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Re: Lotus' latest (Richard W Travsky)
(topical, computer, chuckle)

Sent to me by a friend...
               Lotus Introduces Controversial New Product
Today, Lotus Development Corporation introduced a new member of its MarketPlace
product family, MarketPlace: Surveillance.  This product, intended for "law
enforcement, security, and just plain nosey organizations," ushers in the era
of what Lotus spokespook Bud Dorkar called "Desktop Political Repression."
"Any company can put citizens at your fingertips, Dorkar continued, "only Lotus
puts them in the palm of your hand."
The product consists of a CD-ROM and software to read it.  The CD-ROM contains
information on individuals, including:
social security number
phone number
estimated income
estimated political and organization affiliations
marital status
name of spouse, if any
names of children, if any
names of pets, if any
names of other household members
known associates
estimated sexual orientation
estimated race
estimated religion
criminal record, if any
magazine subscriptions
library books checked out recently
cars and boats owned
driving record
fingerprints, if available
favorite color
one thing in the whole world most afraid of
comments by previous investigators
Users can select potential investigation subjects via a variety of selection
criteria, such as "all married environmentalists within an hour's drive of
Chicago."   The selected records are then copied to hard-disk from the CD-ROM. 
As an investigation proceeds, new information can be added to records, and the
user can even create new fields in the data records.
Every copy of MarketPlace: Surveillance comes with demonstration
data, based on 1930's KGB files.  "We used the Russian data,
frankly, because it was so cheap," said Dorkar.  "They sold us this
doesn't have much value anyway, most of the people in the database
were purged long ago."
After the user purchases MarketPlace: Surveillance, they send in a registration
form for real data.  They then have the demo data to play with and fantasize
about, while their real data is on its way.  The user must specify what region
of the U.S or other country they want data for.  Each disk contains data on
approximately 12 million citizens, legal aliens, and other people.  One region
comes free with the program, and others may be purchased for $100 each. "We
have the U.S., most of Central and South America, and several Asian countries
available," Dorkar said.  "We will try to introduce Africa and the Middle East
in time for Christmas.  We hope to bring one or two of the Canadian provinces
on board too.  Hopefully, the EC (European Common Market) will be in some day,
but that's at least two years out, they're just not ready."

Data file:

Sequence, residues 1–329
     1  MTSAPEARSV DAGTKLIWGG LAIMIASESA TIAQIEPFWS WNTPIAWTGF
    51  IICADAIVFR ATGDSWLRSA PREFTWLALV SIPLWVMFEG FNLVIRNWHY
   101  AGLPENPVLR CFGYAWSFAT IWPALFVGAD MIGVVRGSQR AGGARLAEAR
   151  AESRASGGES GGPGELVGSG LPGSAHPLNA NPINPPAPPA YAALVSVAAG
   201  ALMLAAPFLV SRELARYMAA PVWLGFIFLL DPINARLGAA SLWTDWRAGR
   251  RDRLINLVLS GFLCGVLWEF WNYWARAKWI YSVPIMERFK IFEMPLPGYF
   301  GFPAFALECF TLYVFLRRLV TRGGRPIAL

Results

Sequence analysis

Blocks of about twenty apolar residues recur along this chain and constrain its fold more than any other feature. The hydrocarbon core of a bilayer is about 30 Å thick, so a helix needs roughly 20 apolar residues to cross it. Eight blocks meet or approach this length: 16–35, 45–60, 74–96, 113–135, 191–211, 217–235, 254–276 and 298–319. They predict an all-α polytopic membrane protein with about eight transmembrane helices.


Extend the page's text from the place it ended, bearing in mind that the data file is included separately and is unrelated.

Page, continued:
Anticipating criticism of the product, Dorkar addressed security
and privacy concerns:
        [The developers of MarketPlace] implemented a number of
        controls that go far beyond traditional practices for the
        security community.  Besides limiting the data to what is
        readily available as a matter of public record, Census data
        profiling, and similar sources most governments can already
        access, we have taken three additional and important steps:
          (1) We are offering the product only to legitimate
              governments and businesses.
          (2) We provide people with an option to have their names
              removed from the database.
          (3) We are educating and advising users of the proper
            legal and ethical responsibilities for list usage.
To remove their names from the database, people need only call Lotus at
1-800-328-7448, and give a Lotus operator their name, date of birth, social
security number, and why they don't want to be in the database.  The Lotus
operator will then roll two dice to determine which of 25 complex and expensive
methods the person will be required to use to be removed from the database.  An
exception is if the operator rolls doubles.  In that case, the operator will
take all of the information over the phone, then send two guys with baseball
bats to visit your house within three business days.
All of the people who ask to be removed are purged from the database.  Their
names and social security numbers are kept on a separate list, so they will
never reappear in the standard database.  The separate list is, however,
available on CD-ROM for $200, twice the regular price.
Dorkar concluded by vociferously defending MarketPlace: Surveillance, spittle
flying from his lips: "Some people argue that the information collected in
Lotus MarketPlace: Surveillance should not be available.  However, this
information is really already really readily readable, either as a matter of
public record or through thousands of other lists and database sources.  For
example, the FBI alone has files on literally millions of Americans."
"Access to information is one of the benefits of a free society. In developing
MarketPlace: Surveillance, Lotus and its data providers have strived to balance
the right to privacy with the freedom of information that is a hallmark of our

(From the "Rest" of RHF)

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